One of the reasons I was at the conference was to present on our school’s journey with the Australian Curriculum and I was proud to do so, Adelaide West Special Educaiton Centre has great educators doing great work with our students.But I didn’t present it as a finished piece of work – more as a snapshot of what we are doing.  Presenting at conferences is a great way to reflect on your own practice and to ‘moderate’ it against that of other people. Thank you to participants from other schools who approached me afterwards to share examples of their practice and to suggest collaboration in one form or another – Bring it on!

 Another great aspect of conferences is to discuss things like the Australian Curriculum, that aim to offer students and their families some assurance that the program in their child’s school offers learning experiences similar to that of students in another school. I was saddened to hear from a parent who said that her child is not offered opportunities to develop literacy skills in the way that we do at Adelaide West and doesn’t get the variety of learning experience that students at school need across a broad and balanced curriculum. How can we talk about effective inclusion if special school effectively exclude themselves by not taking part in a curriculum that aims to be for everyone? I know the Australian Curriculum is not perfect and it could have been done better but it’s what we’ve got for now. Our students face enormous challenges to their learning – surely its not fair to them to refuse to address the challenge of a curriculum document? We can’t wait until we feel they are ready for a particular experience  or can cope with more complex learning experiences – I am reminded of the story of a young man who had lost the use of his legs and had very limited use of his arms following an accident. His rehabilitation team had devised a plan, that would take several weeks to teach him how to tie his shoelaces. His response was that this was a waste of his time as,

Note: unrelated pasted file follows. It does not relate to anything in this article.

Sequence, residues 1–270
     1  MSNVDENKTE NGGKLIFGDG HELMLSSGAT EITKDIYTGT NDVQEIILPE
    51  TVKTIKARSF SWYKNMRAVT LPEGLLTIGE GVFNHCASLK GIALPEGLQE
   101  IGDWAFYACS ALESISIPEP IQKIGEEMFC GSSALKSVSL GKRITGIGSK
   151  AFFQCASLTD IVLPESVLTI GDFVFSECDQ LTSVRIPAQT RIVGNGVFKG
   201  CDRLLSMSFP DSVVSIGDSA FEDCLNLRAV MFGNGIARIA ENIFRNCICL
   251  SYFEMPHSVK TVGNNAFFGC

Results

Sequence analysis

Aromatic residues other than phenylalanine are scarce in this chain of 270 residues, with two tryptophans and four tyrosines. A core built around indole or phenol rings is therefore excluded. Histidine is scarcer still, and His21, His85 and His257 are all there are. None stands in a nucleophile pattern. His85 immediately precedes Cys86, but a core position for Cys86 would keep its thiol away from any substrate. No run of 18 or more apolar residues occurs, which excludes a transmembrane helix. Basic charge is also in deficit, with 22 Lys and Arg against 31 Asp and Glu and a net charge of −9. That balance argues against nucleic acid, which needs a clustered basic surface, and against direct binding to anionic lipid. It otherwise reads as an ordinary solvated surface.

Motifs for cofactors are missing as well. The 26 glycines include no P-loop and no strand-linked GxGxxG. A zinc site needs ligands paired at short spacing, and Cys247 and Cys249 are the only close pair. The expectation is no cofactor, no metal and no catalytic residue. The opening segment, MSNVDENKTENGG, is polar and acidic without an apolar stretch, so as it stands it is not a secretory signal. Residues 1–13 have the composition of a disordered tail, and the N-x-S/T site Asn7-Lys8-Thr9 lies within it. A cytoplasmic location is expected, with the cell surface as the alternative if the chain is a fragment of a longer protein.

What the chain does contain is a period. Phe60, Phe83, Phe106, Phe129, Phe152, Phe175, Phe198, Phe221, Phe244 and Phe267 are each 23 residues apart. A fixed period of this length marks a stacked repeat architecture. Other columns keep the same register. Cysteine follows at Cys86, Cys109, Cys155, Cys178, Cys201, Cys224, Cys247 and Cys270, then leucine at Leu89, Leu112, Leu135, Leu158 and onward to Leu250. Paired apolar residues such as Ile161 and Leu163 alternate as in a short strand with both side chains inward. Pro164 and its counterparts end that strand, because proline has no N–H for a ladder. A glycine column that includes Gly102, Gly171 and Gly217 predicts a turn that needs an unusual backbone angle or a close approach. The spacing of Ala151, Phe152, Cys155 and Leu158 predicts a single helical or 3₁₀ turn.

“I dont have the time to learn to tie my shoelaces badly. If you teach me the skills I need to become a business leader I can pay someone to tie my shoelaces well. “

Our students don’t have time for us to wait until we think they’re ready to learn – they need to experience things about life and the world in as rich a way as we educators can make it for them – and that is where technology opens up endless opportunities.

Maybe one of the reasons that teachers don’t like sharing  their practice is because education is an imperfect science – we feel that there is always more we can be doing. Kevin Honeycutt talked about how ‘perfect is the enemy of done’ and another keynote speaker, Carole Zangari, considered that we do more harm by what we don’t do than by what we do. We can’t wait for the perfect communication system, the perfect startegy for teaching literacy – our students pay too high a price for our delay. We can’t wait unitl we consider we are doing ‘best practice’ – as Greg O’Connor said, call it ‘good practice’ as best practice implies nothing can get better.

 One of the themes that ran through many presentations was that of needing to have high expectations of our students. To me, this implies the need to have high expectations of ourselves. In order to improve our teaching, surely we need to expose ourselves by showing other educators what we do and inviting their input into our practice. Then we can begin to be sure that we are doing all we can to give our students the best lives they can have.

I would love to hear what other people have to say about the best ways to help all our teachers stop being ‘secret geniuses’ and get them sharing. Please comment

Reflect Shift Transform